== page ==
According to a statement released by the Asian Development Bank (ADB) on Friday, $1.5 billion in financing has been approved to support Pakistan in providing social protection, promoting food security, and supporting employment for its people amid devastating floods and disruptions to the country’s supply chains.
This loan has been made available via the Building Resilience with Active Countercyclical Expenditures (BRACE) initiative of ADB.
According to the official information provided by the SBP on Thursday, the foreign currency reserves held by the State Bank of Pakistan on October 14, 2022, were estimated at $7.5 billion. With reserves at such a low level, less than two months of import coverage would hardly be possible.
With a projected current account deficit of $10 to $12 billion and an external debt servicing requirement of $22.9 billion, Pakistan needs $34 billion for the current fiscal year.
The severe floods, on the other hand, made the already difficult situation in the economy even worse. Pakistan faced losses of $32.4 billion, according to the consortium of international donors, which also included the World Bank, ADB, UNDP, and EU. Pakistan also needed $16.2 billion for construction costs.
According to ADB, this loan would contribute to the government’s $2.3 billion countercyclical development expenditure program, which is intended to lessen the effects of external shocks like the Russian invasion of Ukraine.
External shocks have impeded Pakistan’s recovery from the COVID-19 pandemic, according to ADB Director-General for Central and West Asia Yevgeniy Zhukov.
Millions of Pakistanis are being impacted by rising living costs and rising business costs, especially the poor and vulnerable. The government will benefit from ADB’s initiative as it works to mitigate the effects of high prices, rising food insecurity, slow economic growth, and decreased income for vulnerable groups, many of whom are still suffering from the devastating impact of floods.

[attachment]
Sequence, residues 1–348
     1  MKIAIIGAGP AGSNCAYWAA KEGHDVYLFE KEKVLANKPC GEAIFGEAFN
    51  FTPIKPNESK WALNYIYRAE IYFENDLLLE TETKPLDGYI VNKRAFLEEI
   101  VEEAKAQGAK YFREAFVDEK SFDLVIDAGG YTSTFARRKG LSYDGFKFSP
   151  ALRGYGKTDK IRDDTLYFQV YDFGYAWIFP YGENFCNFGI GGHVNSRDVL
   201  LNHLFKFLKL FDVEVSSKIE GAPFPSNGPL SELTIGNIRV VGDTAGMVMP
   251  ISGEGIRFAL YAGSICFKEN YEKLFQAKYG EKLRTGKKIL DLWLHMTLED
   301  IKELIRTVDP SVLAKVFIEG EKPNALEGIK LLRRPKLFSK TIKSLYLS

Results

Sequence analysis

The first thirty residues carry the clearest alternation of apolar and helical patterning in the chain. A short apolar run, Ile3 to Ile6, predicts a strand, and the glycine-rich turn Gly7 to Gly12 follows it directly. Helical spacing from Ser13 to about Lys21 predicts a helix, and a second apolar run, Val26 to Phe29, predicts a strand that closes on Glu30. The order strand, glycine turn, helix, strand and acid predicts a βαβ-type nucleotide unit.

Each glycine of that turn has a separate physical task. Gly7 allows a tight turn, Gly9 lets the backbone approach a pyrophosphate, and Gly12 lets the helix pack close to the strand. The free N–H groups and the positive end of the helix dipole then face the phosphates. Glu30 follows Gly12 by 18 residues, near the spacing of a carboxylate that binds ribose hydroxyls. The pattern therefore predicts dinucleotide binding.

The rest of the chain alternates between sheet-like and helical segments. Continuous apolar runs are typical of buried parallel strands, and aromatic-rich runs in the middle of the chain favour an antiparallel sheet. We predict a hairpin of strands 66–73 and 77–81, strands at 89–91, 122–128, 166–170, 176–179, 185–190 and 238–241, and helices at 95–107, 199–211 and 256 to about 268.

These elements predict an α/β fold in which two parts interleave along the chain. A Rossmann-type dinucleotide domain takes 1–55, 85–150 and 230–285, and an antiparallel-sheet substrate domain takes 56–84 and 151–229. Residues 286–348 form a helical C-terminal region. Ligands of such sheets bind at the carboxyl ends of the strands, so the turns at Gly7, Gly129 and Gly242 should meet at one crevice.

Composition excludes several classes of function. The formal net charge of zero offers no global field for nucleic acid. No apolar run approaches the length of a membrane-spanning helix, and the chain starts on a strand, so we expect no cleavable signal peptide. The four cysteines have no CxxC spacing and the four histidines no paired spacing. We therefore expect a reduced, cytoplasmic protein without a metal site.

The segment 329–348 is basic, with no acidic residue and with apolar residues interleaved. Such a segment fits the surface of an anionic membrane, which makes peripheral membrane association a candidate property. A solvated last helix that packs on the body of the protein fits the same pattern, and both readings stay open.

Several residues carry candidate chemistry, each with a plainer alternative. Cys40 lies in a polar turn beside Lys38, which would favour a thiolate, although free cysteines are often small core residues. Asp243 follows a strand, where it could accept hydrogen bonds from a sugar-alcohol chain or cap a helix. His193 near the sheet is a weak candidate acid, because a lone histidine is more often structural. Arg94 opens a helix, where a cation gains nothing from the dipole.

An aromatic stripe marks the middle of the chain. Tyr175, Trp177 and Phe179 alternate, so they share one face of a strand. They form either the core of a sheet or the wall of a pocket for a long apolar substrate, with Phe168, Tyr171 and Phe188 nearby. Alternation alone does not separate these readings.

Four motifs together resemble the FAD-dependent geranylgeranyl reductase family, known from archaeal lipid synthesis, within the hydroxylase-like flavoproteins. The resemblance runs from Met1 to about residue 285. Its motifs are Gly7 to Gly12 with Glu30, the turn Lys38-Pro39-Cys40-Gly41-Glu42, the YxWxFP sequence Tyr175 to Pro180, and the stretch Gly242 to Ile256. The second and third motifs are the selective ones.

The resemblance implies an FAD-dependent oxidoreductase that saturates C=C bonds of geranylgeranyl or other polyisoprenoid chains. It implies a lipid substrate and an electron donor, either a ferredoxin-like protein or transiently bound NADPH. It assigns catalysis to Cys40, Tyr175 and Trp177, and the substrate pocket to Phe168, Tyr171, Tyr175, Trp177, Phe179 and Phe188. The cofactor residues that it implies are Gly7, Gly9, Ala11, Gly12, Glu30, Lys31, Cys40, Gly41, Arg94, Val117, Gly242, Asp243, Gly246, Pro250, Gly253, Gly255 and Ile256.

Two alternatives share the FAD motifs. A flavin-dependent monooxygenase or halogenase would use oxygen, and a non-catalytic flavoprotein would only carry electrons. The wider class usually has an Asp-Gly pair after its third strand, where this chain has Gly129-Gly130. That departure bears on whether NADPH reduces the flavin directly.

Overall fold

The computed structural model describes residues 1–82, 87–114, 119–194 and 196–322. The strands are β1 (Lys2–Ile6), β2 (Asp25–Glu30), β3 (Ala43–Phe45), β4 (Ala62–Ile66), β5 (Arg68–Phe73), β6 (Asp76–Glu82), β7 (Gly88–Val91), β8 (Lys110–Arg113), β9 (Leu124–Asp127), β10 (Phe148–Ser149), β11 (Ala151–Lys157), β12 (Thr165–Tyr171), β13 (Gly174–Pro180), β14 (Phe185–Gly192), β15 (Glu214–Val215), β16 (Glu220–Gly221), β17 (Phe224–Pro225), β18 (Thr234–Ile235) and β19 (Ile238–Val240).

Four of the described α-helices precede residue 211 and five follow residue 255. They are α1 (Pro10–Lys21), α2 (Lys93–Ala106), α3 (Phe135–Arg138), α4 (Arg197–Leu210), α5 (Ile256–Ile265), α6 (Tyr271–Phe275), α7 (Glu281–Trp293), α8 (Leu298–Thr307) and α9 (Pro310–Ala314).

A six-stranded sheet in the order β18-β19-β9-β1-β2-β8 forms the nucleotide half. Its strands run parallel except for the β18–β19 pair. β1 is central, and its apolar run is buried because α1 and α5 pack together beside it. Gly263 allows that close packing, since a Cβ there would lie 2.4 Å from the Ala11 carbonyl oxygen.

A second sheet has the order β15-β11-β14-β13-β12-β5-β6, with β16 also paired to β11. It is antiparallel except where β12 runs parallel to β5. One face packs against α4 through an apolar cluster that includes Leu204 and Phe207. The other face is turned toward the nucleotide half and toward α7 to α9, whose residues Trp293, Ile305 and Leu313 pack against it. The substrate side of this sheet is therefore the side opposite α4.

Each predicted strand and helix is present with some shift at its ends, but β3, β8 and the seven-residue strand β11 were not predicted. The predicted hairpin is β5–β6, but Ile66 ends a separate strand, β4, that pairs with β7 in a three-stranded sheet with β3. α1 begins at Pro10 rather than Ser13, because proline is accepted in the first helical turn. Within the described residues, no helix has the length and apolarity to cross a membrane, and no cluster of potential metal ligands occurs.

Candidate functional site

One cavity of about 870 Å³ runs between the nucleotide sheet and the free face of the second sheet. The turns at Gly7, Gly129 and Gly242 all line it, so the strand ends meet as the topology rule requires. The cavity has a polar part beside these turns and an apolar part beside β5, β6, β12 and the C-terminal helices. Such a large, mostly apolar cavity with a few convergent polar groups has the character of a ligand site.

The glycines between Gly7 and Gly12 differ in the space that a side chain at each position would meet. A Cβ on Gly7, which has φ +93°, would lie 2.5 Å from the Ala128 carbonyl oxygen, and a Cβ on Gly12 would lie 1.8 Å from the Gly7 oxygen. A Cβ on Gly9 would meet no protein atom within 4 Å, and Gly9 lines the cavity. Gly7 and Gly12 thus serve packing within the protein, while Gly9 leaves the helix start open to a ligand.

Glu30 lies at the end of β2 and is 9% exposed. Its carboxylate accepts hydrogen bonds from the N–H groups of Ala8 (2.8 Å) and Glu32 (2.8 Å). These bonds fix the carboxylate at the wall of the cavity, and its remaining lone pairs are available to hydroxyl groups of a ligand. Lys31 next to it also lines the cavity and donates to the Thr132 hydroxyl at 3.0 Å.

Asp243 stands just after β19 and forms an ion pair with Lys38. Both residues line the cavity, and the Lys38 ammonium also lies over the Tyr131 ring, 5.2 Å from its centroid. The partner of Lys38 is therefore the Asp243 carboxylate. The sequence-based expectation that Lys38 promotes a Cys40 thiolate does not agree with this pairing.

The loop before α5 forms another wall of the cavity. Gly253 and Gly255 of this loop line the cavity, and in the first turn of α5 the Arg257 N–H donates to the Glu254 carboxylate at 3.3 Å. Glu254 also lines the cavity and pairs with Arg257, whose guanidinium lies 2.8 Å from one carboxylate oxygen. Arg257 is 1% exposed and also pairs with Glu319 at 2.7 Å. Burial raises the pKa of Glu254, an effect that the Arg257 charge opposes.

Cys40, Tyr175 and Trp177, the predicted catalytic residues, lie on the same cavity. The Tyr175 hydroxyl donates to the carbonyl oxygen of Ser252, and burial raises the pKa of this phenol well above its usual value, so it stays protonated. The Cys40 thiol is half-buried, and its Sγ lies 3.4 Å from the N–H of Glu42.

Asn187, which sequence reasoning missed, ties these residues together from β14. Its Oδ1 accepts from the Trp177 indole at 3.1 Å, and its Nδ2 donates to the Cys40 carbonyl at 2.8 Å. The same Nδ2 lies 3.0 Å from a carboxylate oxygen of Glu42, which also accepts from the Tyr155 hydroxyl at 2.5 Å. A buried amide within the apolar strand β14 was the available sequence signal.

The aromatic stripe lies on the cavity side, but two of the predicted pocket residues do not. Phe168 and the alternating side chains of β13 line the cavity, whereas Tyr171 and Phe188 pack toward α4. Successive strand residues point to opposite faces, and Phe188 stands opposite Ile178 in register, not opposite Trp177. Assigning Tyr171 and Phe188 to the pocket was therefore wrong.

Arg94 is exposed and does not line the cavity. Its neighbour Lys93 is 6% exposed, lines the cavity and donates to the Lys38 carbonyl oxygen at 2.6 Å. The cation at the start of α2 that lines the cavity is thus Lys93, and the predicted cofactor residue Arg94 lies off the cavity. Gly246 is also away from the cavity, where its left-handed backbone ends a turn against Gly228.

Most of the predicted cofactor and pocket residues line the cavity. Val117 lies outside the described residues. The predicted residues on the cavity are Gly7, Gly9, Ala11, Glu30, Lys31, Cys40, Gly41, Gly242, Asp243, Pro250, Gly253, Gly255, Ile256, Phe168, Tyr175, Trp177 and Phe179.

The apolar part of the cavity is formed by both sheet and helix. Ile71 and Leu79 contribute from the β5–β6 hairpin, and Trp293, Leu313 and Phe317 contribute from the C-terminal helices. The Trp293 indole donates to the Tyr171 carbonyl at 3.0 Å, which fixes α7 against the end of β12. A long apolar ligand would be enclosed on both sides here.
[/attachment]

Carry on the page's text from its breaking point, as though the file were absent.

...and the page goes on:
The government’s countercyclical development expenditure package, which is aimed at Pakistan’s poorest families who are frequently disproportionately affected in times of crisis, would be able to be implemented with the help of ADB’s financing, according to the bank’s official statement.
The government’s assistance includes specific measures to promote gender empowerment and climate change adaptation, both of which have become extremely important in light of the recent floods.
The support from ADB will help increase the number of families receiving cash transfers from 7.9 million to 9 million, increase the enrollment of children in primary and secondary schools, and improve the geographic coverage of health services and nutritional supplies for infants under 2 years old and pregnant women and nursing mothers.
“The program is part of a comprehensive and well-coordinated support package.” According to ADB Director for Public Management, Financial Sector, and Trade Tariq Niazi, it will help the government in coping with the impacts of the immediate shocks to the economy while continuing the structural reforms needed to improve the country’s medium- to long-term macroeconomic prospects.
We are closely working with the International Monetary Fund and other development partners to ensure that our support through policy discussion, technical assistance, and program lending is well-coordinated and that, ultimately, we can help the government improve Pakistan’s resilience to shocks.ADB Director for Public Management, Financial Sector, and Trade Tariq Niazi
In response to recent floods in Pakistan that have affected over 33 million people and severely damaged infrastructure and agriculture, ADB is providing $1.5 billion in countercyclical support as part of a significant response package.